My question is regarding a basic modular arithmetic proof that I have been stuck with for the past week.

Suppose that for all n in the set of natural numbers (assuming 0 is not included in the natural numbers), show that:

$n^{17}$ mod 17 = n mod 17

I use 17 as an example number here, and an answer for this will suffice. But in case it is possible, I feel like there is an overall pattern to prove this for the general case:

$n^{x}$ mod x = n mod x, where x is a natural number.

I feel like the proof somehow contains modular arithmetic, such as multiplication, and I get the feeling it should be a short proof in nature, but I feel like I'm missing a step.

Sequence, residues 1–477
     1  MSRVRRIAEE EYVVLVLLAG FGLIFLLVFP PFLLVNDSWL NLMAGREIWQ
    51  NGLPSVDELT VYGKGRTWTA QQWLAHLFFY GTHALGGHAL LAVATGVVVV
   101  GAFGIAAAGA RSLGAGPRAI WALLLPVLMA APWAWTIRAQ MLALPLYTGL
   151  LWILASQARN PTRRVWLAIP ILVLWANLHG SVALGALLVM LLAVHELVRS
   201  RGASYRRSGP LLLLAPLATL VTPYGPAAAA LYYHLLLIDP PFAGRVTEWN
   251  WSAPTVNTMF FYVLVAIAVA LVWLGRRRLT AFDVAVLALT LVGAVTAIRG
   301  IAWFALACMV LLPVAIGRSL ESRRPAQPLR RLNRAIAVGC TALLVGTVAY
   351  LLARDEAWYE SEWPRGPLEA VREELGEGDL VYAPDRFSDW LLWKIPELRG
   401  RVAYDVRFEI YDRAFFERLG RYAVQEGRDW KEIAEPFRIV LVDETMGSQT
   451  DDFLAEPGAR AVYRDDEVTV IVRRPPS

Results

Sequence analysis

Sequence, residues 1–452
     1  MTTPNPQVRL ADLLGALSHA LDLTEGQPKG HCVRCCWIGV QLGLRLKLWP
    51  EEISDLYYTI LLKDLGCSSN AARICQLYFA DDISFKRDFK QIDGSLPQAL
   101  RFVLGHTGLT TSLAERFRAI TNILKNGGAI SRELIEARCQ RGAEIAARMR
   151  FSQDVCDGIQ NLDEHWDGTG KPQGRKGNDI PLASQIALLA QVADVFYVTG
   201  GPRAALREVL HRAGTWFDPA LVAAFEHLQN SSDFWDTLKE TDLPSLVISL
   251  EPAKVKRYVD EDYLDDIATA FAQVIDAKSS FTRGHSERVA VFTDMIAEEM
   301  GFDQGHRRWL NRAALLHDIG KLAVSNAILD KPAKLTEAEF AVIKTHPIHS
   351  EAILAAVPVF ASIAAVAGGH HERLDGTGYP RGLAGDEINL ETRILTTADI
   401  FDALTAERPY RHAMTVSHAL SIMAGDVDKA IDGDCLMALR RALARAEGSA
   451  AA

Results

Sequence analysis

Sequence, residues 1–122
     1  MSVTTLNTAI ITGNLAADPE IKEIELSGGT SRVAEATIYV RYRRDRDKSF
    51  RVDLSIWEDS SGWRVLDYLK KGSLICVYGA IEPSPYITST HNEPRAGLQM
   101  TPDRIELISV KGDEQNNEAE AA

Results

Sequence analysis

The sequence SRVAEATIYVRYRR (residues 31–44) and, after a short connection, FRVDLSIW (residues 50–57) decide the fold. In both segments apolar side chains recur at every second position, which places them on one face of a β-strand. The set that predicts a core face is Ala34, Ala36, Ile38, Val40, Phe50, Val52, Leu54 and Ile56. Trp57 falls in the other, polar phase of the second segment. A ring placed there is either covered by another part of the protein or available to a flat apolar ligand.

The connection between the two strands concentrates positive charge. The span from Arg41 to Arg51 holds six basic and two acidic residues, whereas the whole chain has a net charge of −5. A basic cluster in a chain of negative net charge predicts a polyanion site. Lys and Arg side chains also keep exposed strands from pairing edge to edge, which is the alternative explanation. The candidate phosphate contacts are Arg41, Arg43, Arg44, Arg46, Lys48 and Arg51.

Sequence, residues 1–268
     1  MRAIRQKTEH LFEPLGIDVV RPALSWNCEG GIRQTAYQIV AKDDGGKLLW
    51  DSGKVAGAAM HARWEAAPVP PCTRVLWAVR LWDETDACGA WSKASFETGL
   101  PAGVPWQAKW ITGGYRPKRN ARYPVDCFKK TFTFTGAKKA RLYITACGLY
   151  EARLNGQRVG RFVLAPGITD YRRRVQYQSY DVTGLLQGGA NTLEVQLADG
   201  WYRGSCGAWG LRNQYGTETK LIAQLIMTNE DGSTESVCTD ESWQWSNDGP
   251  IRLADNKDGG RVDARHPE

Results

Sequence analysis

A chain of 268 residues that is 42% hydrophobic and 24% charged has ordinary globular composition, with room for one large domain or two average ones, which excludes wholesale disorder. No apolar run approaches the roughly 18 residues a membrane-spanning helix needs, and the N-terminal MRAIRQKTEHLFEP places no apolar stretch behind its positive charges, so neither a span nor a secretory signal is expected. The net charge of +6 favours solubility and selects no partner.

Any help is much appreciated!


That is the Fermat's Little Theorem:

If $n$ is an integer and $p$ is a prime, then $$ n^p \equiv n (\mathrm{mod}~p). $$ It only holds when the exponent is prime. You can easily find counterexamples for the non - prime case.

You could prove this statement by induction on $n$ and applying the binomial theorem. If you want to give a proof using modular arithmetic, then you have to prove it in the follwing form:

If $p$ is a prime not dividing $n$, then $$ n^{p-1} \equiv 1 (\mathrm{mod}~p). $$ For the proof, show that the reminders mod $p$ of ${n,2n,3n,...(p-1)n}$ are all distinct, so the product of them is equal mod $p$ to $1\times2\times...\times(p-1)$.


The result is false in general. For example

$$2^4 \equiv 0 \pmod{4}.$$

You may be interested to look up Fermat's Little Theorem:

If $p$ is a prime number, then for any $n \in \mathbb{N},$ we have

$$n^p \equiv n \pmod{p}.$$


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